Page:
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queer company

You could liken them to explorers: men not unlike Percy Fawcett, who wandered the rivers and jungled wilds of South America,  searching for El Dorado, or Peter Matthiessen, who found the fabled white leopard in the Himalayas .

Three explorers, latter day, in search of Somerton Treasure.

The man known as Q.

The man known as Beadle.

The man known as Self.

In 2016, these three expeditionaries wander the desolate and windy reaches of the Glenelg Coast, searching for treasure lost over sixty years ago, nearer to seventy. But they are at odds.

Of them all, only Beadle has yet to unearth any treasure.

Q has found his Namesake.

Self has found his Crystal Dish.

The Beadle runs hither and thither into the bracken and jungle, listening to the haunting melodies of the forest people, the songful, wrongful  pygmies who see no light.

They beckon him.

He goes.

The Beadle listens to their songs that promise Somerton Treasure, again and again. He shares their fire and when he comes back to the place where Q and Self are encamped he is sooty faced, and his appetites are much diminished.


header pic is Fawcett

pic 2 is Matthiessen




6 Comments Post a comment
  1. Good to see Col. Fawcett getting a run, Pete.! Hope all is well.

    June 8, 2016
  2. All is extremely well, Rob, having quite the time here.

    June 8, 2016
  3. Clive #

    Wonder if Percy ever did find the legendary city of gold, brave or foolhardy? I’d like to think Percy was a bit of both. A legend of his time.

    June 8, 2016
  4. Percy Fawcett also worked for British Intelligence in North Africa, and there was Peter Fleming, Ian’s brother, another agent in place.
    Gerry Feltus is right. ‘There were spies everywhere!’

    June 8, 2016
  5. Dave #

    I have just followed through from Gordons Cramers blog. Does anyonw know anything about Rubaiyat of Omar Khayyams. Attached is pictures of my book. Same font as book belonging to Somerton Man. Thoughts please. Cheers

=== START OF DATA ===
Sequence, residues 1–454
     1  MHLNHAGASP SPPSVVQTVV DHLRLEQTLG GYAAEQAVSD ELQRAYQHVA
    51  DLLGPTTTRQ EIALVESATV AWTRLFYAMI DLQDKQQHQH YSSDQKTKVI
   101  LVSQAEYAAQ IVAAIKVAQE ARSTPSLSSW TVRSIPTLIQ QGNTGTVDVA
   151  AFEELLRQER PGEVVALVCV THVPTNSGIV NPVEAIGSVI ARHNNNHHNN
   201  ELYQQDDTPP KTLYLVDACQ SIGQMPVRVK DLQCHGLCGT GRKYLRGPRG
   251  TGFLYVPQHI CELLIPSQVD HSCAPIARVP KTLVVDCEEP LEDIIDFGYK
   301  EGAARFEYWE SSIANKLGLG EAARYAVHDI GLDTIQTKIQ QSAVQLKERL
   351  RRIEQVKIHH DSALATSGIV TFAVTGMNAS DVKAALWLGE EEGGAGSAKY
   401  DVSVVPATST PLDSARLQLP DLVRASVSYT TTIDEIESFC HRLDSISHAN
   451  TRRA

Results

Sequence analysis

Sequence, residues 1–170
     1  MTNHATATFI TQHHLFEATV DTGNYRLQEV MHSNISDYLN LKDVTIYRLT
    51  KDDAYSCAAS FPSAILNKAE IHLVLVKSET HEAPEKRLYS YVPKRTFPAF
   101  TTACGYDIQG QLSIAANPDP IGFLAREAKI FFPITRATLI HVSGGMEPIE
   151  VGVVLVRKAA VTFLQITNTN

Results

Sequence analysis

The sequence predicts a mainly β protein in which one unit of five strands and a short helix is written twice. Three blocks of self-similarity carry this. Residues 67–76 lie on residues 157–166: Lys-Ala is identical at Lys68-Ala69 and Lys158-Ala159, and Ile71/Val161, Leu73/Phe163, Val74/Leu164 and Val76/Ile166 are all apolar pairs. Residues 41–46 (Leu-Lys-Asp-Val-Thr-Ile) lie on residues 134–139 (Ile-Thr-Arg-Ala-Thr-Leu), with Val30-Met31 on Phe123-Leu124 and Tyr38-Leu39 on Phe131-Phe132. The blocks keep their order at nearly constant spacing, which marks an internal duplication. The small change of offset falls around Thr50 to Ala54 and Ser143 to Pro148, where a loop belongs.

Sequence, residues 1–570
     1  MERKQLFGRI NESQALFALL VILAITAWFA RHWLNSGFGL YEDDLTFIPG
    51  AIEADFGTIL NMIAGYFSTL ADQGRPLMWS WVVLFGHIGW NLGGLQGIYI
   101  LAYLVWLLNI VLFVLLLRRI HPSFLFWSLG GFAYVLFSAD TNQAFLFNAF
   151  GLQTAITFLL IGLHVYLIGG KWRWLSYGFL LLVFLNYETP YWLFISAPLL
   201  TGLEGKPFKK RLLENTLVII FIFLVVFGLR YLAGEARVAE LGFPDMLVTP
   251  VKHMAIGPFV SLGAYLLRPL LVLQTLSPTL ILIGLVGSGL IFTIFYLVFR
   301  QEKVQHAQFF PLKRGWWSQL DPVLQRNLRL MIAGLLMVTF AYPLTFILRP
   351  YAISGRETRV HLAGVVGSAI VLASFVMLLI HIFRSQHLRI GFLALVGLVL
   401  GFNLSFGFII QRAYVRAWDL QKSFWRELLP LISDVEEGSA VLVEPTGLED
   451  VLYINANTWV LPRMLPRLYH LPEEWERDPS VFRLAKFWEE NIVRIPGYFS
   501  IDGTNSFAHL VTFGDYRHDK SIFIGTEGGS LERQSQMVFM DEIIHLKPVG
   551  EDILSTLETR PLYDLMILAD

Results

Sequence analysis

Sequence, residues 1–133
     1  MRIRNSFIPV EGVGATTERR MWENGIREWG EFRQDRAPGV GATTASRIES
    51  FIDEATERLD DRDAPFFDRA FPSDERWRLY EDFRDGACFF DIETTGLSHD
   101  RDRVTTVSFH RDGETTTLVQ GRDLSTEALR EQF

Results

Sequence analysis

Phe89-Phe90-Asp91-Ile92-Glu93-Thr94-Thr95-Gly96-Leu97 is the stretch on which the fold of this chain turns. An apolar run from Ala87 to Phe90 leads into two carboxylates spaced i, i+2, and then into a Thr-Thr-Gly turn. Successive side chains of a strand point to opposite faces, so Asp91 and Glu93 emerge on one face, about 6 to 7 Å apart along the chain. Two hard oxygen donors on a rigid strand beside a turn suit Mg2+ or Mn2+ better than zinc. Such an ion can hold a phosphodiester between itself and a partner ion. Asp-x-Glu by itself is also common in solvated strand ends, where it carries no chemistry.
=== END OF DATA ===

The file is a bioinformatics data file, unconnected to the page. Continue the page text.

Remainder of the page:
June 8, 2016
  6. Hi Dave and all, the ROK from the Somerton Man case was a soft copy, not hardback. If you can, will you put the info page of the book online? It should show the publisher and date. Could you also show some more pages? There is a very similar soft copy that has been found and it was from the ‘courage and friendship’ series; it’s known as the JW version after the man that found it.. Notably, it was referred to as a pocket edition.

    One of the things you can do to verify the size of the actual book is to print out the code page which could be the actual size of the book. It will also tell you the orientation of the book when the ‘code’ was written, not from top to bottom of the page but rotated through 90 degrees so it was transverse. That in turn, gives a clue as to how the code may have been put together over a number of sessions whilst still keeping a reasonable format. Having said that, there are a couple of instances where the individual letters overlap within the marked area of the letter if that makes sense. So, I think that some time was taken to write the ‘code’ page and possibly over a number of days.

    June 9, 2016

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